In terms of the staging, it was all fairly straightforward. The interesting factor for me was the use of a large square carpet, placed centrestage. It was unrolled when the play started, and created a physical and visual reference point for the audience. The storyline is largely anecdotal; Amir is telling us the story of his life, which amounts to the majority of the narration. He also steps into his memories and acts them out for us. I noticed that whenever he was narrating, he used the stage areas around the carpet (usually downstage), but when he stepped into his memories, he also stepped onto the carpet. Depending on the scenario, sometimes a ‘carpet image’ was projected from directly above. This was a subtle change, but it helped with transference from one place to the next.
On the whole, the lighting was fairly simple. There are two moments that I would like to mention, however:
1. When Amir’s father takes Hassan and Ali to the bus station.
The stage becomes dark and cold, and three pairs of yellow lights appear from the CYC. Amir tells us how Hassan and Ali get on the bus, and it drives away. As he says this, one pair of lights slowly fades out, as if they were the headlights of the bus.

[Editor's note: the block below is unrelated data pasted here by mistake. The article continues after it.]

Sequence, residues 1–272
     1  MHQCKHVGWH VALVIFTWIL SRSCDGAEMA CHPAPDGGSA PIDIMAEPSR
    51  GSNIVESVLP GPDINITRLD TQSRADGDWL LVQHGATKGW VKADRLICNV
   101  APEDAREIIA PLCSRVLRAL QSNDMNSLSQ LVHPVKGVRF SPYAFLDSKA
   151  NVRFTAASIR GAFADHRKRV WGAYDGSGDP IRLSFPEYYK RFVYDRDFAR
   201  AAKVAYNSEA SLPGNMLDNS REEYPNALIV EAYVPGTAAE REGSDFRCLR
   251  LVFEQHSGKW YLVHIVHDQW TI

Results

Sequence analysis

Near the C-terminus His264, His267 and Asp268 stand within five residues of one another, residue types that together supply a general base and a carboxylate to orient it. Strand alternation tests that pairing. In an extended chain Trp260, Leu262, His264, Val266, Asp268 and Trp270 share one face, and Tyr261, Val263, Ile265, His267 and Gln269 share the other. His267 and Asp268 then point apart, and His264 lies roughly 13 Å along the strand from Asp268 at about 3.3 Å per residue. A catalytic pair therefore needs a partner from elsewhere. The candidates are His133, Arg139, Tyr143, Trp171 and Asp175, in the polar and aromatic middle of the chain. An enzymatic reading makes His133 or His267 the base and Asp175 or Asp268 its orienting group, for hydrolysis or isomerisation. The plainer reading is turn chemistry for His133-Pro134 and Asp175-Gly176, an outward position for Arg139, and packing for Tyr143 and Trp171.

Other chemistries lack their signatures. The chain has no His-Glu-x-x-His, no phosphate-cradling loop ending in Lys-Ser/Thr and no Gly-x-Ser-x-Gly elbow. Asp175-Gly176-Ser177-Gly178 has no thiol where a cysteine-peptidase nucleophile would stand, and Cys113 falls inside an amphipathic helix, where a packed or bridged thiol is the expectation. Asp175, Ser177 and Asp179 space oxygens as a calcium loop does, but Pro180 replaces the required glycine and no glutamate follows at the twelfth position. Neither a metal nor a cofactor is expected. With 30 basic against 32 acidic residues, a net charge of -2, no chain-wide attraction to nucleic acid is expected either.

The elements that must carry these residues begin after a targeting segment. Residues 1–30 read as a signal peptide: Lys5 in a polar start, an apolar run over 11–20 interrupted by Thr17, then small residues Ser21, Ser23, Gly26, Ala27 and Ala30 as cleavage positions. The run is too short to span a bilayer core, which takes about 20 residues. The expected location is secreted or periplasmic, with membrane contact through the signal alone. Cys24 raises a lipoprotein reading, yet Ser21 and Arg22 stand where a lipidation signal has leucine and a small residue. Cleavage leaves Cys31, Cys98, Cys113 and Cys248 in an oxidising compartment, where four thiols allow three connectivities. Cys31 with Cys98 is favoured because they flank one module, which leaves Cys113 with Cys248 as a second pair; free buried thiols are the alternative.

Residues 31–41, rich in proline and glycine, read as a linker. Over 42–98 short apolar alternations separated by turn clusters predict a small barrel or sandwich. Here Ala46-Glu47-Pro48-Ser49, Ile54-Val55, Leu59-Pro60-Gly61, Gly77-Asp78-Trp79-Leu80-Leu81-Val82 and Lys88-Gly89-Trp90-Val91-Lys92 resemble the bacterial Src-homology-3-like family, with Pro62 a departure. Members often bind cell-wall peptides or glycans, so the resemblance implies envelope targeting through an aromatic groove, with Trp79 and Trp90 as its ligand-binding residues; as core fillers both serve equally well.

2. Amir’s phonecall with Soraya.
Again, the stage is darker, with light only on Amir and Soraya. They are standing at a diagonal, him downstage, her upstage. The light sources are from downstage right and centrestage right. Both characters are facing the same direction, a whole stage apart. The darkness between them, created by their positioning onstage and the light on them, symbolises the distance between them.
My final observation is projection. I have briefly touched on this with the carpet, however there was more projection in the play than this alone. In the absence of large pieces of set, instead there was a wooden structure at the very back of the stage. When the story was in Afghanistan, it was a wooden fence, and when we were in San Francisco, it became a cityscape through projection.
There were also two large, kite shaped wings which were lowered to allow tent-like rooms to be implied, and were a perfect surface for more projection. Perhaps the most hard hitting moment was during Rahim Khan’s account of Hassan’s life after leaving Afghanistan. Part of the story is depicted in silhouette onto one of the wings. Hearing the words is tragic enough, but seeing it really tears at the heart strings.
To conclude, I found the play mesmerising and engaging. My eyes were glued to the stage from start to finish. The technical aspects were not overly complicated, but were effective nonetheless. The intentions were clear, and it goes to show that sometimes, less is more! If you get the opportunity to see this production, take it.